Dolores Hope passed away yesterday. Born Dolores DeFina in 1909, she was a singer in the 1930s. In 1934, she met and married Bob Hope.
In the numerous articles and interviews that Bob Hope did for The Saturday Evening Post, he often mentioned Dolores and spoke with pride about their long, happy marriage. In “A Century of Hope” (Mar/Apr 1998) he told how he met his future wife:
One night while I was in Roberta, my pal, George Murphy, who was doing a fine job of specially capering in the show, invited me to the Lambs Club. We downed a couple of beers, and he said. “I want you to hear a girl sing. Her name is Dolores Reade. She sings at the Vogue Club.”
We went over to the Vogue, on 57th Street … and I heard this girl sing. She had a low, husky voice, and she sang somewhat in the style of Marion Harris—soft and sweet, not a shouter. She sang “It’s Only a Paper Moon” and “Did You Ever See a Dream Walking?” That did it, and I asked if I could take her out.
Once we were alone, she asked. “You’re in Roberta?” “Yes,” I said. “Why don’t you catch me in the matinee tomorrow?”
She did, but when she didn’t come backstage to see me afterward, I couldn’t understand it. A couple of days later I saw her, and I asked, “What happened?”
“I didn’t come back to say hello because I didn’t know you had such a big part in the show,” she said. “I thought you were in the chorus, and I was embarrassed at my stupidity.”
From then on, I was at the Vogue every night, waiting to take Dolores home. I must have given the doorman at her apartment thousands of dollars in tips to let me park in front of the joint and sit there with her. It was our inspiration point, our Flirtation Walk, and moonlight canoe trip all rolled into one—right there in front of the apartment on Ninth Avenue.
It wasn’t long before Dolores’ mother took her to Florida to play a nightclub date in Miami. While she was gone, I lived on long distance from morning till night. I was in love. Dolores said she was, too. She must have meant it, because she broke her Florida contract and came back to New York. We went back to sitting in front of her apartment and making plans to get married. We picked Erie, Pennsylvania, for our wedding. I can’t remember why. I was in a thick, pink fog anyway.
Once we were married. I put Dolores into my vaudeville act. Roberta had closed, so we went around the big-time circuits together. Our act went something like this: I did my regular act; then I introduced her. She came out, dressed in a lovely gown, looking very beautiful, and sang a song. I came back out, and when she started her second number, I didn’t leave the stage. I just stayed there, standing close to her and looking at her. Then I looked at the audience with an expression which asked, “Ain’t she beautiful? Ain’t she something? How about it? Just how about it?”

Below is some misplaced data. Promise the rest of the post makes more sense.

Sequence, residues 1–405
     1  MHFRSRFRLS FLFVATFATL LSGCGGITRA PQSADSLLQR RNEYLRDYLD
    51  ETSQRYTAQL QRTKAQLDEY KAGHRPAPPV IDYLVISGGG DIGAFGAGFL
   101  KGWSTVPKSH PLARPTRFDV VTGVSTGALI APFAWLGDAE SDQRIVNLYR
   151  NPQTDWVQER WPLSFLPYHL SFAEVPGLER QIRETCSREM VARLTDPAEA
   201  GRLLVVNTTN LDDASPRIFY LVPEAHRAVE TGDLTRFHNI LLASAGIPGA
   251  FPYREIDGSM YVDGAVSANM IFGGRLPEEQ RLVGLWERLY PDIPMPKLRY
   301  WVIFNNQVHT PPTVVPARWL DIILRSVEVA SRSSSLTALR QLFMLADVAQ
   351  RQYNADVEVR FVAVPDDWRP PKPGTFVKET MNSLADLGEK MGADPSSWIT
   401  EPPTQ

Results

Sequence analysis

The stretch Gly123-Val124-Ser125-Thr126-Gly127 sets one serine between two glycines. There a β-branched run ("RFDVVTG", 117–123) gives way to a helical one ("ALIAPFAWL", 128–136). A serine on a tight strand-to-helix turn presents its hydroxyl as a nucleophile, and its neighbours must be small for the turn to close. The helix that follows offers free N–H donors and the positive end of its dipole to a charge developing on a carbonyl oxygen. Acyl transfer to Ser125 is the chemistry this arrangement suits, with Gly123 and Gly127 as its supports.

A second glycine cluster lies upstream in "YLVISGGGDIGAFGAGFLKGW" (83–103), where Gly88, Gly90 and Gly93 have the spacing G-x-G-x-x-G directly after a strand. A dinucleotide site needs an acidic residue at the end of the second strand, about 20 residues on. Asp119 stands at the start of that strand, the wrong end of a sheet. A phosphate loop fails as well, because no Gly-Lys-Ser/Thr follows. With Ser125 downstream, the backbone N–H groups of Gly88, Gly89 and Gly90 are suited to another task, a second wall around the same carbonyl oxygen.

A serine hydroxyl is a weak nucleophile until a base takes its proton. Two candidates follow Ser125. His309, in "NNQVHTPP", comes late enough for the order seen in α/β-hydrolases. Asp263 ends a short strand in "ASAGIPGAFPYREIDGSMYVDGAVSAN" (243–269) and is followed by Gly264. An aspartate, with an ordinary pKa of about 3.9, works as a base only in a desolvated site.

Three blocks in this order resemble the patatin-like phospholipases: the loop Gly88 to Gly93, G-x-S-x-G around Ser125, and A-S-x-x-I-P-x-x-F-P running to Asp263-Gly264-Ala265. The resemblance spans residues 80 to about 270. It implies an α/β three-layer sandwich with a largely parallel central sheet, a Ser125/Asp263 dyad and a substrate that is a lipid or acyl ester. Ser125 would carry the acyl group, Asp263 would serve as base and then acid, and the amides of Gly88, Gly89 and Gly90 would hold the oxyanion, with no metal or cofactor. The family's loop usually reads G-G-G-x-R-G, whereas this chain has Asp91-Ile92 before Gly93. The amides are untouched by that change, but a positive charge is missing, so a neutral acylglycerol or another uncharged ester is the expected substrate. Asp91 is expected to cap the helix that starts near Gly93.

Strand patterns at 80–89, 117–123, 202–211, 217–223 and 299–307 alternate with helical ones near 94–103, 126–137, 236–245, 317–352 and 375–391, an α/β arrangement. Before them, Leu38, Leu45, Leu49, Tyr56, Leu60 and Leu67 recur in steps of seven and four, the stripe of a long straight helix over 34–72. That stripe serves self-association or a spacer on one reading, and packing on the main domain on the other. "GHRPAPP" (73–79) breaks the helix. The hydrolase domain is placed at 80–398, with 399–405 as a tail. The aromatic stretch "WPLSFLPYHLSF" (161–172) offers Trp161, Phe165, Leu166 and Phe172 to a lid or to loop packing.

I stroked her arm, pretending it looked good enough to eat, which wasn’t hard to do. Then I nibbled it gently. This brought a roar from the audience. Then I hugged her; she stopped singing, broke up, and I said. “Don’t let me bother you. Just keep right on.” If she hadn’t been so beautiful and if it hadn’t been so apparent to the onlookers that we were really in love, the act would have fallen flat. As it was, it played well.
In an interview on his 95th birthday, the Post asked Bob, “So many show business marriages end in divorce. To what do you attribute your long, successful marriage to your wife, Dolores?”
Hope: We’ve been married for 63 years, but I’ve only been home three weeks.
Hope often joked about his long absences from home. Beneath the humor, though, was devotion and gratitude for her patience and her work in managing their home and family during his many trips.
It’s been suggested that I am inclined to travel a bit—that I wander from my happy home. This is not true. Just the other evening I said to my wife, “Dolores”— I knew it was Dolores, she introduced herself to me— “I’ve done an awful lot of traveling, but you’ve been very understanding about it—although you did rent out my room.”
Dolores has a wise and loving touch with our children. I’m lost in admiration of the job she has done with them, and with the job she’s done keeping me in line. A lot of children whose fathers are in show business grow up too precocious, too wise, too fresh, too unfunny. That’s not true of our four. Dolores sees to that. She also sees to it that they’re having a devout rearing. One day [a neighbor] overheard our littlest one, Kelly, ask our next youngest, Nora, “Is everybody in the world Catholic?”
“Yes,” Nora said, “everybody but daddy. He’s a comedian.” I was both surprised and pleased when I heard that. I have no trouble convincing them that I’m their daddy, but sometimes I have trouble convincing them that I’m a comedian.
It may surprise those who read this to hear that I’m a strong family man … I’m no angel. For that matter, I’ve known very few angels. My mother and Dolores are two. But I’m still married to the same girl I married twenty years ago, and that’s four or five under par for the Hollywood course. [Bob Hope as told to Pete Martin, “This Is On Me,” 1954]